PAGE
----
In each case involving students, the complainant  and the respondent are entitled to the same opportunities to have others present during disciplinary proceedings and to be informed of the outcome of any disciplinary proceedings and appeals alleging a sexual offense.  More detailed information on the process and procedures of each board or committee is outlined in the Student Handbook, and the Faculty Handbook.

As is the case with all crimes and emergencies, the University urges members of the community to report sexual offenses promptly to the Office of Public Safety (685-3333) and to the Middletown police (911). The Office of the Public Safety is available for assistance following a sexual assault and will provide transportation to the Davison Health Center and/or Middlesex Hospital for medical attention, treatment, and the preservation of medical evidence. The importance of preserving such evidence for legal proof of criminal sexual assault is emphasized. The Office of Public Safety will also assist students who choose to file a report with the Middletown Police Department.

When a sexual assault is reported to the Office of Public Safety, the office will share the identity of the victim only with the Office of the Dean of Students, whose role is to facilitate appropriate follow-up and counseling. Appropriate follow-up may include a change of academic and/or living arrangements, counseling from a member of our CAPS (Counseling and Psychological Services) Office or the Office of Religious and Spiritual Life as well as other services.  If you have been accused of sexual assault you have the right to know the charges against you, whether filed through the University or the legal system.  Information about university proceedings can be found in the Code of Non Academic Conduct and the Office of the Dean of Students can further explain the process to you.

In addition to the safety awareness and crime-prevention programs detailed in the Student Handbook, educational programs to promote awareness and prevention of sexual assault and other sexual offenses are available. These programs, sponsored by the Dean's Office include presentations to new students during Orientation and workshops in the residence halls each fall term.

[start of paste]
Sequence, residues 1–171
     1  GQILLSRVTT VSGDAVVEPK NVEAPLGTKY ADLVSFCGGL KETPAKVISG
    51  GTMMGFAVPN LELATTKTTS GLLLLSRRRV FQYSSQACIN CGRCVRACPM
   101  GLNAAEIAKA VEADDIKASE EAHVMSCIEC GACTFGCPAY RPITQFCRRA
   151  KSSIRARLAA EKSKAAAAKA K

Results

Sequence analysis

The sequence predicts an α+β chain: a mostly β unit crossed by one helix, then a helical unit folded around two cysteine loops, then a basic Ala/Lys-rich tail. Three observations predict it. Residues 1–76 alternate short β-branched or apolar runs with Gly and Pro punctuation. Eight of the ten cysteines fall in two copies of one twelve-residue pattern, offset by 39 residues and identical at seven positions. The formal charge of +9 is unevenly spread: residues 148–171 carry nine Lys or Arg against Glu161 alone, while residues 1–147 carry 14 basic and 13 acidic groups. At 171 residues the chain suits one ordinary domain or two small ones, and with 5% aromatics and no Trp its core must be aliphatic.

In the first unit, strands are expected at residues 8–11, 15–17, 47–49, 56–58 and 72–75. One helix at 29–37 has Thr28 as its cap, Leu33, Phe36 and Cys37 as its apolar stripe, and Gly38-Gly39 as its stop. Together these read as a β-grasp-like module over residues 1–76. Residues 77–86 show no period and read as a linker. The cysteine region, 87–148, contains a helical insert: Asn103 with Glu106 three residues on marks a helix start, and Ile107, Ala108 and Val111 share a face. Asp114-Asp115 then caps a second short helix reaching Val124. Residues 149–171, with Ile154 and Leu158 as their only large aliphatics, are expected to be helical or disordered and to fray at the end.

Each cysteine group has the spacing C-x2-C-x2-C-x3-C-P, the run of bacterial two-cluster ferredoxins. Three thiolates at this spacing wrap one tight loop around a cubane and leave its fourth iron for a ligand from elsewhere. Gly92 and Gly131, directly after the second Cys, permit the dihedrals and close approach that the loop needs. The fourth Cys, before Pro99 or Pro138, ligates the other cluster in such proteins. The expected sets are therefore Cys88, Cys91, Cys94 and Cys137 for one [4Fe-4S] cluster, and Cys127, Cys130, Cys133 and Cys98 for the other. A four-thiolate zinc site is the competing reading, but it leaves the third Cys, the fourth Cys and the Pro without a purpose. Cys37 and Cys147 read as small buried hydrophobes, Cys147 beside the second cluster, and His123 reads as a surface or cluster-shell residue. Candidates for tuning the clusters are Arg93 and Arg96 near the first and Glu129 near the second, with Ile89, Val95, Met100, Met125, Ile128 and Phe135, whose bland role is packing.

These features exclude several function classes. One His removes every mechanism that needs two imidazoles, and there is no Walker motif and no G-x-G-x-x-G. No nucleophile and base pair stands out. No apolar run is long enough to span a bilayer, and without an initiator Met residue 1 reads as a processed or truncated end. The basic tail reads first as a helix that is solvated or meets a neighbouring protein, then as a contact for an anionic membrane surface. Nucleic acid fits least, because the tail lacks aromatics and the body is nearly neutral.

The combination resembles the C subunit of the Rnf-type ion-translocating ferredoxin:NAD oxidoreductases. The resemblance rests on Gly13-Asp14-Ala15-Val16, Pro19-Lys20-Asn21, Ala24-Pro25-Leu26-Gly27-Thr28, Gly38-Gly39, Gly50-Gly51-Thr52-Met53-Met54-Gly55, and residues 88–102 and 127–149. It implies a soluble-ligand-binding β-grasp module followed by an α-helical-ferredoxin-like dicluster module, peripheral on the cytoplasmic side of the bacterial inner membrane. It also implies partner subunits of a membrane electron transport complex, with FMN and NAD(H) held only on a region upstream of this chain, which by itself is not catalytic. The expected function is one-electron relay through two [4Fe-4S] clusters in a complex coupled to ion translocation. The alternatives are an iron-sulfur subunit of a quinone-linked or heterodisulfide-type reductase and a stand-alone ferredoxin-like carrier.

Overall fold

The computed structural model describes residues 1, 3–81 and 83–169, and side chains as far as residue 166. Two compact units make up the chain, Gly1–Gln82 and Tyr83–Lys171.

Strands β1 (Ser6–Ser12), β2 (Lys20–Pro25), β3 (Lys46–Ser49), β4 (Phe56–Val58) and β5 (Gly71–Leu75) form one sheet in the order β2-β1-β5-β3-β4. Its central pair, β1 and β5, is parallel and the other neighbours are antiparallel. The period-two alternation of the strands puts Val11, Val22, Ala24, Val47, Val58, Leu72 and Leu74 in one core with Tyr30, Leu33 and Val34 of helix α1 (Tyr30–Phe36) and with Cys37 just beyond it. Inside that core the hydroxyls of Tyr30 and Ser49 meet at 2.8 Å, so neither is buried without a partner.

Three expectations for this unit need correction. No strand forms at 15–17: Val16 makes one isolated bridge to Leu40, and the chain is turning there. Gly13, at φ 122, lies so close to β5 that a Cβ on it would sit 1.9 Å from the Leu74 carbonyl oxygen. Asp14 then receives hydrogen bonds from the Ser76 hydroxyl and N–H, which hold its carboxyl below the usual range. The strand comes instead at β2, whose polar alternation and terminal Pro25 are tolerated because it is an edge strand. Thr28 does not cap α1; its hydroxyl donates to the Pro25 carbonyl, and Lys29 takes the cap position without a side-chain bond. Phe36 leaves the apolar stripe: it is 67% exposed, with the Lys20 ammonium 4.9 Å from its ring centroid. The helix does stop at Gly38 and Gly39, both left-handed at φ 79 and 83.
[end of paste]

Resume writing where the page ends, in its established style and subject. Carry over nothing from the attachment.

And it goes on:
Counseling, mental health, and student services are available for victims of sexual assault both on and off campus.  On campus counseling services include those offered by the Counseling and Psychological Services (CAPS) Office.  They can be reached by calling 860-685-2910.  For services off campus, students are referred to the Central Connecticut Sexual Assault  Crisis Center (1-888-999-5545) and to Middlesex Hospital (347-9471).   Additional resources are listed in the current Student Handbook

In compliance with the Campus Sex Crimes Prevention Act of 2002, members of the Wesleyan University community may contact the Connecticut State Police for information concerning registered sex offenders. 

The Campus Crimes Prevention Act passed in 2000 and which became effective on October 28, 2002, requires convicted and previously registered sex offenders to notify their state if they are enrolled as a student or employed at a college or university.  This information is then forwarded to the local law enforcement agency wherein the college or university is located.  Anyone with questions regarding information on registered sex offenders may contact the Middletown Police Department located at 222 Main Street, Middletown, CT.  The phone number is (860) 344-3200.